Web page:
The Hospitality Career You May Not Have Considered but Should
I often teach our revenue management class, which is part of many of Johnson & Wales’s bachelor degrees in hospitality, and it is one of my favorites. If students have an aptitude for this work, they typically become very interested in a revenue management position and we have helped place many of our graduates into those positions since this course began.
What Do Revenue Managers Do?
The role of revenue manager varies somewhat from company to company, but, in general, the RM is responsible for monitoring channel booking activity and rate positioning and for achieving a deep understanding of the demand drivers into their market(s). While parts of the role are increasingly automated, there is still a need for a person who can understand the dynamics of a market and act to maximize the market share for a hotel or a portfolio of hotels. It is an important role because of the effect on market share.
Market share performance is the single most important set of metrics in this industry.
Improve market share and you demonstrate you have the ability to add value.
Demonstrate you can add value, and your career will be bright.
Where Do They Work?
Full service hotels like Marriot and Hilton often have an on-site revenue manager and the responsibilities can extend from rooms operations to meeting space and other revenue generating area (golf courses, spas, etc.). Any time you have a fixed, perishable resource and a variable demand, there is an opportunity to use the principles of revenue management and dynamic pricing. Limited-service hotels (think Hampton Inn, etc.) are typically provided revenue-management services by their brand by a revenue manager who oversees a portfolio of hotels.
Why Choose This Path?
Full Service hotel revenue managers generally report directly to the general manager and to a corporate revenue-management position. It is one of the shortest career paths to GM and increasingly companies are requiring GM candidates to have RM experience, or a deep understanding of it. It is also one of the very shortest paths to a corporate-level role, as increasingly companies are realizing the managing all of the product in a market in a coordinated manner is the most effective. So it is not at all unusual for an entry-level revenue manager to be working on a corporate support team overseeing a portfolio of hotels. Increasingly, the position can work remotely. This is one of the few positions in the industry that does not need to be physically at a hotel or in a market they may be serving.
What Skills Do You Need?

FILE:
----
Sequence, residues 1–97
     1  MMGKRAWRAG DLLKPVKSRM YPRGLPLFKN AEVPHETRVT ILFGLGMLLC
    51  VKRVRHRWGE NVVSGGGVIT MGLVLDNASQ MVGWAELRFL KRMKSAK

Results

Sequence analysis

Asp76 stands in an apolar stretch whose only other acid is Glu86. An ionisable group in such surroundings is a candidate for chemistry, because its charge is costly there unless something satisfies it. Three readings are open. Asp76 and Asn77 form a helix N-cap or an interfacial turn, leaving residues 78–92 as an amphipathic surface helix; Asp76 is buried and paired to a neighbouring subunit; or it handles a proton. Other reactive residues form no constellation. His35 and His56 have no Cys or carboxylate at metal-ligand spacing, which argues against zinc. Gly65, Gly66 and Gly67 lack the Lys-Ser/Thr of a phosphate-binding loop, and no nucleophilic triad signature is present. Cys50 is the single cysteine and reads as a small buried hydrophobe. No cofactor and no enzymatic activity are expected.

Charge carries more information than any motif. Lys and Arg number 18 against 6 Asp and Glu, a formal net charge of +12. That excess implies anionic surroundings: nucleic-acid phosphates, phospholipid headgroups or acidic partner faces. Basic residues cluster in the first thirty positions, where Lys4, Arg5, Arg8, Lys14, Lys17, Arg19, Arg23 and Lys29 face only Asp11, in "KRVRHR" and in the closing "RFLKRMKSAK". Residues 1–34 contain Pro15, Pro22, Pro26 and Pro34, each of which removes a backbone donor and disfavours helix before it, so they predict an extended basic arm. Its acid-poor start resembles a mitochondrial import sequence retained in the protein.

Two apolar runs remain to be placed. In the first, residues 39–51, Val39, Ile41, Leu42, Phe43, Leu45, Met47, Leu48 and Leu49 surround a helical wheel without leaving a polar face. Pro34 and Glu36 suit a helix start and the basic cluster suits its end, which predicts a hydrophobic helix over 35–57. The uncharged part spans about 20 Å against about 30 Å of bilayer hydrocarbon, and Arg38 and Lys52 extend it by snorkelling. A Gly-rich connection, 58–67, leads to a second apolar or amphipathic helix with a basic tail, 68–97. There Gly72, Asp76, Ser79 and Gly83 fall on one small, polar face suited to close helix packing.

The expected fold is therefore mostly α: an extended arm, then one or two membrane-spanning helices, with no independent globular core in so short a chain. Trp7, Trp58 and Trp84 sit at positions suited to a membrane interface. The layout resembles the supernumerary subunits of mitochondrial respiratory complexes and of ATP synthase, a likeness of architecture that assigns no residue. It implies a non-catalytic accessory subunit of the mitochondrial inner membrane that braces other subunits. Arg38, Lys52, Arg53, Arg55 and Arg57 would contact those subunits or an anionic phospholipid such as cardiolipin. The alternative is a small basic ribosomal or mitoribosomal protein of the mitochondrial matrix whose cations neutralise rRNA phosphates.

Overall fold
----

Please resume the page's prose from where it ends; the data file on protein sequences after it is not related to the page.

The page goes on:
In order to be successful in this role, a person must have the following:
- The ability to learn. Quickly. Markets change, systems change, processes change, forecasting algorithms change, and, of course, the competition is always changing and improving. Each change requires learning and rapid adaptation.
- The ability to interpret data from a variety of sources and use that information to influence decision makers and to act to maximize profitability. One of the most important skills a revenue manager needs is the ability to use their knowledge of future market demand to adjust pricing and forecasts. Most RM systems today use historical-time-series algorithms to forecast future demand — and history is not always the best predictor of future demand. In fact, it rarely is. And without strong market knowledge, a hotel can miss huge opportunities and underperform.
- Excellent communication skills and strong interpersonal-influencing skills. In this role, much of the output is a recommendation, and to be effective you need to be able to “sell” your recommendations.
- Knowledge of game theory and the ability to predict what your competition will do in response to what you do. I often tell my students that they did not totally waste all of that time playing video games. They were learning the basics of game theory and understanding your competitor’s likely reactions.
Whether or not someone chooses a career in revenue management, it is a fascinating and important part of the hotel industry – and many others.
If you are considering a degree in hospitality and need to stay current on these modern trends in the industry, Johnson & Wales University College of Online Education offers an exciting array of hospitality degree programs to help you achieve your goals. Complete the “Request Info” form on this page, call 855-JWU-1881, or email [email protected] learn more.